Environment: Collateral damage

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Environment: Collateral damage
Environment: Collateral damage

Collateral Damage

Compared to the plight of the civilian population, the environmental destruction caused by the recent Middle East conflict has almost disappeared. But the Mediterranean will have to suffer from the oil spill caused by the war for a long time to come. And this is not an isolated case.


On July 13 and 15, 2006, the Israeli Air Force bombed a Lebanese power plant in Jiye, south of Beirut. Between 10,000 and 35,000 tons of heavy fuel oil spilled into the eastern Mediterranean. At times, the oil slick was 150 kilometers long and up to 40 kilometers wide. The Lebanese government estimates the cost of the oil cleanup to be between US$50 million and US$100 million.

On August 12, 2006, an oil tanker with two million liters of fuel on board sank off the central Philippines. 300 kilometers of coastline are already polluted; the oil slick reached a length of up to 36 kilometers.


Be it the "oil spill" a fatal side effect of the recent war in the Middle East or a recurring industrial accident - the result for the marine fauna and flora is always the same: several seabirds die three times over from freezing, starvation or poisoning. The oil sticks the feathers together and destroys the structure that keeps the water out. The animals try to groom themselves until the plumage is clean again. They end up swallowing oil.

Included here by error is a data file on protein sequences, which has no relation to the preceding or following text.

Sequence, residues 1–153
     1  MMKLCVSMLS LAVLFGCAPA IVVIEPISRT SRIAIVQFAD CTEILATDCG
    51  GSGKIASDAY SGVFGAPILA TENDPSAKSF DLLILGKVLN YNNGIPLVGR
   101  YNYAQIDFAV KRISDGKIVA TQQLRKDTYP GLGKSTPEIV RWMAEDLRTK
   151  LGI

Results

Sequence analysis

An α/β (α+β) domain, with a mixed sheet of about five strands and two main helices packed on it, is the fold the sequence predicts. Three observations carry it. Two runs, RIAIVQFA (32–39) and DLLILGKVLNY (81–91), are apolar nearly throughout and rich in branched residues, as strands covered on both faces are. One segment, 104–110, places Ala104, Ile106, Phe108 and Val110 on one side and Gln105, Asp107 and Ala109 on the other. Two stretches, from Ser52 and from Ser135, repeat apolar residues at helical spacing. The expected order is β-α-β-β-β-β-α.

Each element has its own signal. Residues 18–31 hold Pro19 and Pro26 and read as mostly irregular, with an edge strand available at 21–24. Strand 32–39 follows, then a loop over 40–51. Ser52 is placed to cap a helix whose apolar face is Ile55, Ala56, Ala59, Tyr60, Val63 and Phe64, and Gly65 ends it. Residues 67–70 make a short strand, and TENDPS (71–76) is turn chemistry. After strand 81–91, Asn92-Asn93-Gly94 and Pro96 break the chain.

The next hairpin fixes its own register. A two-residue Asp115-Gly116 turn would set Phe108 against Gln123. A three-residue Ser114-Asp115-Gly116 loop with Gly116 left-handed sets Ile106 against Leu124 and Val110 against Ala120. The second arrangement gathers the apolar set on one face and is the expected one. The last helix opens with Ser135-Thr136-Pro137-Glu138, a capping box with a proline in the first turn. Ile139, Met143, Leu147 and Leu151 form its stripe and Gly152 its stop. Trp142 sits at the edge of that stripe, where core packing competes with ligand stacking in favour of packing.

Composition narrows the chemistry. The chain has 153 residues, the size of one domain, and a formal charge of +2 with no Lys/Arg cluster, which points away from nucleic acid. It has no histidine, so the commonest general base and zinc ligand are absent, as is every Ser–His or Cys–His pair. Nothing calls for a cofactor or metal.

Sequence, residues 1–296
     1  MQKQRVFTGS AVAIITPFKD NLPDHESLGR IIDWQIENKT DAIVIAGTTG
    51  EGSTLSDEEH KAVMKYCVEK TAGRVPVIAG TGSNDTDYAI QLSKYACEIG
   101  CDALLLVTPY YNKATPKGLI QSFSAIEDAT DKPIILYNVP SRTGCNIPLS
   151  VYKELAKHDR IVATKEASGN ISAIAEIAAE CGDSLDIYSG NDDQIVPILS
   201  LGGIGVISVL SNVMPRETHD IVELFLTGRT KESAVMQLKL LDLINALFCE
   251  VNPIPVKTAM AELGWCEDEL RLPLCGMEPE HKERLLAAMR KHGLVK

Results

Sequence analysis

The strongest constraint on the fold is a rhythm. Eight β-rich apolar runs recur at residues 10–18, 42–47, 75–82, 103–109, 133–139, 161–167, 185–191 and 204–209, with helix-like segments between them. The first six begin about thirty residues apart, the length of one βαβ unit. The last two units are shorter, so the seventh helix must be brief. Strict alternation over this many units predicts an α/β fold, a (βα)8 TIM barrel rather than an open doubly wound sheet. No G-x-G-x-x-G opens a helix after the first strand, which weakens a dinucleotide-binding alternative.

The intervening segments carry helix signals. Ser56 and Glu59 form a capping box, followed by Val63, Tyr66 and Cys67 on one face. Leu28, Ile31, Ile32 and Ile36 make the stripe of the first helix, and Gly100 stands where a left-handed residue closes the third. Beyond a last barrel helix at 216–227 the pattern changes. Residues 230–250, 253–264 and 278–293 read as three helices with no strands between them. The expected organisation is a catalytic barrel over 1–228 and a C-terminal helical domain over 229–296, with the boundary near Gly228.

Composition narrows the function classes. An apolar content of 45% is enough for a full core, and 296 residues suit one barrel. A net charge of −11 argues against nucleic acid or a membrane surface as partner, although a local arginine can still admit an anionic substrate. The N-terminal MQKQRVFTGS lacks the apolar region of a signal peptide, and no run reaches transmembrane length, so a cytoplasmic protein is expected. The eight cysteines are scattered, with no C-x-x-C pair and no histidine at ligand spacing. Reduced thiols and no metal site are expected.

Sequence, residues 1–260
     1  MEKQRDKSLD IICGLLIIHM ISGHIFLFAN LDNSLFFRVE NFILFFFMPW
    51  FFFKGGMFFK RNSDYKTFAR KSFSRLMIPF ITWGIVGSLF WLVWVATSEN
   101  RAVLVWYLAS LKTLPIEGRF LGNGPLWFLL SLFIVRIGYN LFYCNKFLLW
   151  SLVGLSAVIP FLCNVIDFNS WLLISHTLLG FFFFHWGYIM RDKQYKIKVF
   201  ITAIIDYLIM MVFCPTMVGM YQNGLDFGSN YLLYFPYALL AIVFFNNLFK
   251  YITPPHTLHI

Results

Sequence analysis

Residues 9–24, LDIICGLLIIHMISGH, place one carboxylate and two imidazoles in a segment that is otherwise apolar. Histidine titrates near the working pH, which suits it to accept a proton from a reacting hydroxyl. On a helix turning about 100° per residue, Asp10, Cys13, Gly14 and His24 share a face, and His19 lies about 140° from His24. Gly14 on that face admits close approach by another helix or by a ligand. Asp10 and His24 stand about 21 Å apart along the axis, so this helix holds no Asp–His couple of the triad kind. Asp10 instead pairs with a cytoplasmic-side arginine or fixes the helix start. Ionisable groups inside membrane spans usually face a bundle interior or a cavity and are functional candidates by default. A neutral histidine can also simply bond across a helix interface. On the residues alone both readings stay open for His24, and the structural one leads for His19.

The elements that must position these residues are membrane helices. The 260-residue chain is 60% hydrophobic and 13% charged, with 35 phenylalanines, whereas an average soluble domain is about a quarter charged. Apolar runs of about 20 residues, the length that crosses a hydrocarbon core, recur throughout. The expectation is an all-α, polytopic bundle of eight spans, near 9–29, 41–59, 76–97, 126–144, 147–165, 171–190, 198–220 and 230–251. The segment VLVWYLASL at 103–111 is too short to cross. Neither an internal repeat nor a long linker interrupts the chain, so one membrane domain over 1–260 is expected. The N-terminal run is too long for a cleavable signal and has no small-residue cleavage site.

Entergized soil organisms such as mussels and snails as well as larvae and eggs of numerous fish species are destroyed. This mass extinction drastically reduces the supply in the food chain for other organisms. In the Mediterranean, the already overfished stocks of bluefin tuna (Thunnus thynnus) are even more under pressure from the oil. Breeding grounds of the loggerhead sea turtle (Caretta caretta) and the green sea turtle (Chelonia mydas) are acutely threatened by the oil slick.

Off the Philippines, the pollution of the coastal mangrove population is particularly striking: this "nursery" for numerous marine and brackish water dwellers is also the food base for a whole chain of organisms. The fighting in Lebanon has already delayed the response to the oil spill. It remains a minor matter - a lot is already known from the past about the danger of the coveted raw material.

Black Gold - Black Venom